Together with her mother Bernadette de Geyter, designer Charlotte de Geyter is conquering the world with their luxury label Bernadette. The biggest (e-)boutiques – from Net-A-Porter to Harrods – jump for their chic evening wear with a romantic touch. It’s a huge achievement for an Antwerp brand that has only existed for three years and now also makes tableware.
With 20 to watch, Flanders DC presents twenty emerging talents, who recently took their first steps in the worlds of design or fashion. We believe they will have great success in the future.
What makes you different from other designers?
I’m very strong when it comes to colour and my entire graphic world, with floral prints that I draw myself. I also enjoy designing volumes. I always see it as a challenge to create new volumes and new forms. We have also recently made more unique hand-embroidered pieces. This is based on my wish to convert our prints that are normally digitally printed into something three-dimensional with more texture.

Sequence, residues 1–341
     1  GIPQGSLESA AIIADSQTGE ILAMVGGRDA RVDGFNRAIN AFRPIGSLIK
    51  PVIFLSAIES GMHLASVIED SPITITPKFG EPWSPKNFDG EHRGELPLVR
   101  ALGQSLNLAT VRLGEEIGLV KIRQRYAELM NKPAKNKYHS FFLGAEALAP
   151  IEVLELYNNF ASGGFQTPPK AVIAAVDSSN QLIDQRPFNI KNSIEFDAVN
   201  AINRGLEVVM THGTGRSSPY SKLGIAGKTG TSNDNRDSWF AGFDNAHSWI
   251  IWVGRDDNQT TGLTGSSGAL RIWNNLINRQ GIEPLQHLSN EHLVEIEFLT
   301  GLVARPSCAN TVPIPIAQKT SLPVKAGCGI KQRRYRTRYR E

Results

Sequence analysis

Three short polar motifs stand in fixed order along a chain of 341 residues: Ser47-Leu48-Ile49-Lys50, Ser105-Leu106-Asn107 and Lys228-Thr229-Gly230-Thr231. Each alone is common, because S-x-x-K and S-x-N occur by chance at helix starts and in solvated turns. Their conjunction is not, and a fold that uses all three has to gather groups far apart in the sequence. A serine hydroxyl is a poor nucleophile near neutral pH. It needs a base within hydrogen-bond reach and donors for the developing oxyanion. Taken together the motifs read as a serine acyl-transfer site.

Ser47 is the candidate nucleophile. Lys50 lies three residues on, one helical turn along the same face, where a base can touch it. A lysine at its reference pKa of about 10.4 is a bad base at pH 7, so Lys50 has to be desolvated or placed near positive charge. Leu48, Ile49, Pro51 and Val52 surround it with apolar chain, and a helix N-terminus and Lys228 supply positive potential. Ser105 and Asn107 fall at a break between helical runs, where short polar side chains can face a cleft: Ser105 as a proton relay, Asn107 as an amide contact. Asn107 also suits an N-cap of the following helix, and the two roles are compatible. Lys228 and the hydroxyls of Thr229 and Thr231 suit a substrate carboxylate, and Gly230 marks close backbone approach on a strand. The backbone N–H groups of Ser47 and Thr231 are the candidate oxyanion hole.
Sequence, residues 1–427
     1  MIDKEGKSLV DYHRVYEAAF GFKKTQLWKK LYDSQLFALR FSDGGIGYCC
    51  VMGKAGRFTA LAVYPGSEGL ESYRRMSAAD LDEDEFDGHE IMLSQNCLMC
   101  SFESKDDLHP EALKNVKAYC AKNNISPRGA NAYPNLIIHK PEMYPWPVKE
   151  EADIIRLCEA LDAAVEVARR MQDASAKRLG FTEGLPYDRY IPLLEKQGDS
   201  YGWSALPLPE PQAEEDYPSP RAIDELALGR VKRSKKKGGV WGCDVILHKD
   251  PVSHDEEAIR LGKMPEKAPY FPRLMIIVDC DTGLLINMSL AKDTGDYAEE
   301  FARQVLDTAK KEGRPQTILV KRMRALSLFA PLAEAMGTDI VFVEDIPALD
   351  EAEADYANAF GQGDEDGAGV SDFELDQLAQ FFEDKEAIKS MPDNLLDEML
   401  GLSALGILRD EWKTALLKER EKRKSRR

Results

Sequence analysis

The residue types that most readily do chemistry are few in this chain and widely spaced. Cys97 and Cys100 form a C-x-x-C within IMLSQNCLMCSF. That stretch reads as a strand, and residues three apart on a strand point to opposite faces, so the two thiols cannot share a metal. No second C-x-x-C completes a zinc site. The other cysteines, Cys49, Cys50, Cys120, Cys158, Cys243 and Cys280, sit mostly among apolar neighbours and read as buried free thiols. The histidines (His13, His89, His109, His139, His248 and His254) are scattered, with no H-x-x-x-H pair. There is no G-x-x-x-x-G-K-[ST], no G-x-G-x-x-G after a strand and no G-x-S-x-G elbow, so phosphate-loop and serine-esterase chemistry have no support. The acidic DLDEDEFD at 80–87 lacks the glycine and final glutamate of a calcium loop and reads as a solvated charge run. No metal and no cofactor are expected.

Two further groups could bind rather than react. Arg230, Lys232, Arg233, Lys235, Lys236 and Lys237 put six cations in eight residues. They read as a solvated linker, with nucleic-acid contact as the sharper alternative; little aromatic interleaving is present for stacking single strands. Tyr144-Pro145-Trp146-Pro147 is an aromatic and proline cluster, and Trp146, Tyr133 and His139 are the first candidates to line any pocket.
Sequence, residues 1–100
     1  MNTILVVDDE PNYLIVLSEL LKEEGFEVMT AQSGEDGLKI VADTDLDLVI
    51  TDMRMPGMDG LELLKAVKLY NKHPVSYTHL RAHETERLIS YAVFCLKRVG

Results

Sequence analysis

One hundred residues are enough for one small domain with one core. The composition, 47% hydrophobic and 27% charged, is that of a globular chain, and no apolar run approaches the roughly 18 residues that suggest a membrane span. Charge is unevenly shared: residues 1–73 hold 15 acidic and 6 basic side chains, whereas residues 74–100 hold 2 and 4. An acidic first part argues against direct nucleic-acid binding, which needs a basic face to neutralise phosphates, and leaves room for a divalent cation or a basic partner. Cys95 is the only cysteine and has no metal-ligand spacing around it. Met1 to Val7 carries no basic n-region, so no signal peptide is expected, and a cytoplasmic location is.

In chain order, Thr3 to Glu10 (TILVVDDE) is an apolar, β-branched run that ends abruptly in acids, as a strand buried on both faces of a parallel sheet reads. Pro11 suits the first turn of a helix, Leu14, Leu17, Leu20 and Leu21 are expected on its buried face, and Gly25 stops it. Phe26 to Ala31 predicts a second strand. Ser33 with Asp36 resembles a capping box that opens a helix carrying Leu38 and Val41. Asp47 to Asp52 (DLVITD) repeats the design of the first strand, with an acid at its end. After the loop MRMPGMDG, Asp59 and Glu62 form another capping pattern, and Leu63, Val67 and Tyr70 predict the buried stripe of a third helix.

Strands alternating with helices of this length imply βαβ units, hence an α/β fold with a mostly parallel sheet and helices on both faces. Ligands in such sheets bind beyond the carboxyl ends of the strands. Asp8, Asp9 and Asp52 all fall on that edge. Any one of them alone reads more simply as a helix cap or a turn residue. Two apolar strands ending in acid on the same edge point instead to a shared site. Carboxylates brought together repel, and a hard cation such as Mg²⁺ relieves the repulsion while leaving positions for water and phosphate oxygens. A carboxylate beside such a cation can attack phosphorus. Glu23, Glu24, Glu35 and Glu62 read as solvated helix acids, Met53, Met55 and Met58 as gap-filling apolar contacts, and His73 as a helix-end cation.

Where does the magic of the discipline come from, for you?
From an early age, I could be very obsessive and passionate about something, and work on it full time. Back then, they were sticker books; now, with Bernadette, it’s something very public. I find it magical that I still have an obsession with what I do and that I want to think about and be busy with it every minute of the day. Like my mum, I am a true optimist. We dare to dream and I think that is the secret to our success. If you dream the impossible, there’s a possibility that one day it just might happen. We never say in advance that something could go wrong.
What is the biggest challenge in your work?
I always wanted to be a designer, but now I’ve also become a businesswoman. There’s so much involved in having your own brand. You have to be a chameleon. The bigger the company, the more challenges will come your way. For me, creativity has almost become relaxation. When I come home in the evening, I try to switch off the business part of myself and really think creatively. And every season there is surely a month in which I ask my team not to disturb me and I completely withdraw into my creative cocoon.